Since I never went through his Stage One, I’ve had a different learning curve. Stage One is something like that loose, drunken monkey poker, where you play every hand, and your variance is outstanding.

Anyway, I will say that Stud games and Flop games are so totally different in approach. In a Stud game, deciding whether or not to play a hand is key. One shouldn’t get involved in many hands, yet it is correct to chase further down the road due to the five rounds of betting and having such great odds. A flop game is usually exactly the opposite. Many more hands can be played up front, but if the flop doesn’t fit, should be thrown away early. Even in today’s loose and crazy games, it’s not always correct to chase a gutshot, especially if not to the nut straight.

So that has also been a thorn in my side. I don’t play enough hands in HE, but sometimes I chase too far, oy!
***
Regarding a dealer mucking an unprotective hand (or sometimes even one that IS protected):

“Everyone has been in your shoes, everyone has experienced this, and that is why we are so anal and protective of our hand.”

Glenn’s hand got mucked once, now he is so overly cautious that one time a dealer had to literally pry the cards out from under his pressed down fingers.

El Diablo has said many times that he does not surrender the cards, period, until he has the pot.

I take the stance of not giving up the cards until they wrench them out of my cold, dead fingers unless the pot is in front of me.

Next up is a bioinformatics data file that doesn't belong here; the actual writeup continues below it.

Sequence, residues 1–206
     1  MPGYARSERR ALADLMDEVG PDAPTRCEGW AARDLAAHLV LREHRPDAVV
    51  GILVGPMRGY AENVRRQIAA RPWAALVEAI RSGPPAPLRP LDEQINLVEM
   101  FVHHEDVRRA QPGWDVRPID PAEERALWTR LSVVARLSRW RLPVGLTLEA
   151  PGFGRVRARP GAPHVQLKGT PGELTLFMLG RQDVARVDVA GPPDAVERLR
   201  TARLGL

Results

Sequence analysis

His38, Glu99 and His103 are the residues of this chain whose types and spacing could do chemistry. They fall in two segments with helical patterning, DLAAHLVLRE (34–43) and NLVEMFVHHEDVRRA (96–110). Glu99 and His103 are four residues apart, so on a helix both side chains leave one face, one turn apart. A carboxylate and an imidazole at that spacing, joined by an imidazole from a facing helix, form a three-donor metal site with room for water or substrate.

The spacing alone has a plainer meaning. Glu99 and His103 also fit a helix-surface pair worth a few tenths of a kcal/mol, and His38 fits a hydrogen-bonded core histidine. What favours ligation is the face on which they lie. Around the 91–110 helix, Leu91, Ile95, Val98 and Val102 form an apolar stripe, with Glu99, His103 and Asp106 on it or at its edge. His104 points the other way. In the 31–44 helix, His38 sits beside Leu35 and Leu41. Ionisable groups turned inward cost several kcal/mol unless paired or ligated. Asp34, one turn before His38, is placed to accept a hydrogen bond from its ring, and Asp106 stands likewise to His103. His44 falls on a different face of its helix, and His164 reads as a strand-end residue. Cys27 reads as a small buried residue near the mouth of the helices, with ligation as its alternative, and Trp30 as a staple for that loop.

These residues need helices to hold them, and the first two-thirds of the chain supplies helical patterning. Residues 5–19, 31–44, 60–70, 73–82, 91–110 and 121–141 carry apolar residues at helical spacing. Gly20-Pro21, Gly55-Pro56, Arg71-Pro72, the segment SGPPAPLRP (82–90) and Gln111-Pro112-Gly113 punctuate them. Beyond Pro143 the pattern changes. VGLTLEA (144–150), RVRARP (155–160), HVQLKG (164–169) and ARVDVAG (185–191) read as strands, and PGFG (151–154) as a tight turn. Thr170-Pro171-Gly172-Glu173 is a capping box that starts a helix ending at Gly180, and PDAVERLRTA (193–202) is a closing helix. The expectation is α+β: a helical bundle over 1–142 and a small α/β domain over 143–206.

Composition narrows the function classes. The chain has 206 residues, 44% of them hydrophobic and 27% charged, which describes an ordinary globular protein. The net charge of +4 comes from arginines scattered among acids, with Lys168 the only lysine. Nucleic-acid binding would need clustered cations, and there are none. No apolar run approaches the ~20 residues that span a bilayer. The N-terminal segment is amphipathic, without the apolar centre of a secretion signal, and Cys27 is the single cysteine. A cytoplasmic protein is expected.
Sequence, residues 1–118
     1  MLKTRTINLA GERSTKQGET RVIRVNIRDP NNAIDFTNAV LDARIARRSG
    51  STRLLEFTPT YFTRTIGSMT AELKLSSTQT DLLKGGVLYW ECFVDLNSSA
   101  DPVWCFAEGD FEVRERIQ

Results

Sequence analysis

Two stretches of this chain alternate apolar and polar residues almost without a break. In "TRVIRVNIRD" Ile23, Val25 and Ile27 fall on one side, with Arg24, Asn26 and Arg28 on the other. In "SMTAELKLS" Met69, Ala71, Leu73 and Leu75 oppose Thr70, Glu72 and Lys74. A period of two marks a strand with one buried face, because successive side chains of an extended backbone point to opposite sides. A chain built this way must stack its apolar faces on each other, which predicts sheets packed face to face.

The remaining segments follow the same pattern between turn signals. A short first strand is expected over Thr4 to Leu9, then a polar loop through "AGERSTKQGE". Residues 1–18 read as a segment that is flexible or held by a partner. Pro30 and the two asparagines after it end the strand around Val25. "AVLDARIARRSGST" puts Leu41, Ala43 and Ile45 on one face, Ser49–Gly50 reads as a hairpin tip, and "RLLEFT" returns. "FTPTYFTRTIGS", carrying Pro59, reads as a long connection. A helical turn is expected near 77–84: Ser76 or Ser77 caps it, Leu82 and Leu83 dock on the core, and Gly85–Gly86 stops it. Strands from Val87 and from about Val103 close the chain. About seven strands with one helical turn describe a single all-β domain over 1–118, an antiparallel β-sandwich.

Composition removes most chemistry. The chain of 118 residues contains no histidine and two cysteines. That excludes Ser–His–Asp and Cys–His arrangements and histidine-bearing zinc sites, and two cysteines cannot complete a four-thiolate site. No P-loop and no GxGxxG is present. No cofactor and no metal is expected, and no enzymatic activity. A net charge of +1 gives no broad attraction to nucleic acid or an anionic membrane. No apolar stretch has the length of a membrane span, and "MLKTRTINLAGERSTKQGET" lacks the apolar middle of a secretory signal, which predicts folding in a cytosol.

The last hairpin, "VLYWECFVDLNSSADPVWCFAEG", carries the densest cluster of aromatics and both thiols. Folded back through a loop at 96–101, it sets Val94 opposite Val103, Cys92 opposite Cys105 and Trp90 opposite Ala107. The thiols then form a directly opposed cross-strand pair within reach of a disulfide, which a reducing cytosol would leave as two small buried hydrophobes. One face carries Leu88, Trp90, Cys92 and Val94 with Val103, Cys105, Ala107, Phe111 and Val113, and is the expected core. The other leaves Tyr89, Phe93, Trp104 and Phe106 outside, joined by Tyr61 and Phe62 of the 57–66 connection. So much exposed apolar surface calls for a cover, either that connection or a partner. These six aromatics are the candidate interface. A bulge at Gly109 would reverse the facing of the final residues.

This is because of past experience, not because we are so bright

In today’s poker world, the dealer does less and less for us, and we must protect ourselves more and more. Many of us didn’t realize just how good we had it until the poker boom. Looking at my watch and seeing 14 minutes go by during ONE O8 hand was a real wake up call. I certainly hadn’t realized just how much I took for granted the pre-2002 poker boom dealers. Not that it was ever their job to protect us, but they surely did!

As an even more absurd example (to make you feel better, I hope), Commerce has instituted a policy about cards going off the table. I believe this was patterned after the Bike’s policy, which began last summer (someone please correct me if I’m wrong, because I’m not from LA).

Anyway, the rule in tourneys is that if a card goes off the table, the player pays the penalty. It doesn’t matter if the dealer pitches the card off the table, it doesn’t matter if it hits your finger then goes sliding off. The TD knows that it is not your fault in any way, shape or form, but you still get a 20 minute penalty.

Supposedly this rule was put into effect because of angle shooting at the Bike and in LA in general (again, correct me if I’m wrong here).

While I won’t go into the whole angle shooting scheme, I really do have a point, lol.

Anyway, The Hendon Mob posted a story about how two players got into a fight at Commerce. Cursing, arguing, rolling around on the floor, etc. They each got a 15 minute penalty. Barny, however, had a hand where the dealer pitched the card off the table. He got a 20 minute penalty, lol.

Hmmm, two guys fighting, F– word being slung back and forth, rolling around on the ground…15 minutes. Barny has a dealer who pitches a card off the table which Barny never touched…20 minutes…

Boy, has poker changed in past years!

Felicia :)

Advertisements

About Felicia Lee

Poker, Writing
This entry was posted in Poker, Seven Card Stud. Bookmark the permalink.

Leave a Reply

Fill in your details below or click an icon to log in:

WordPress.com Logo

You are commenting using your WordPress.com account. Log Out / Change )

Twitter picture

You are commenting using your Twitter account. Log Out / Change )

Facebook photo

You are commenting using your Facebook account. Log Out / Change )

Google+ photo

You are commenting using your Google+ account. Log Out / Change )

Connecting to %s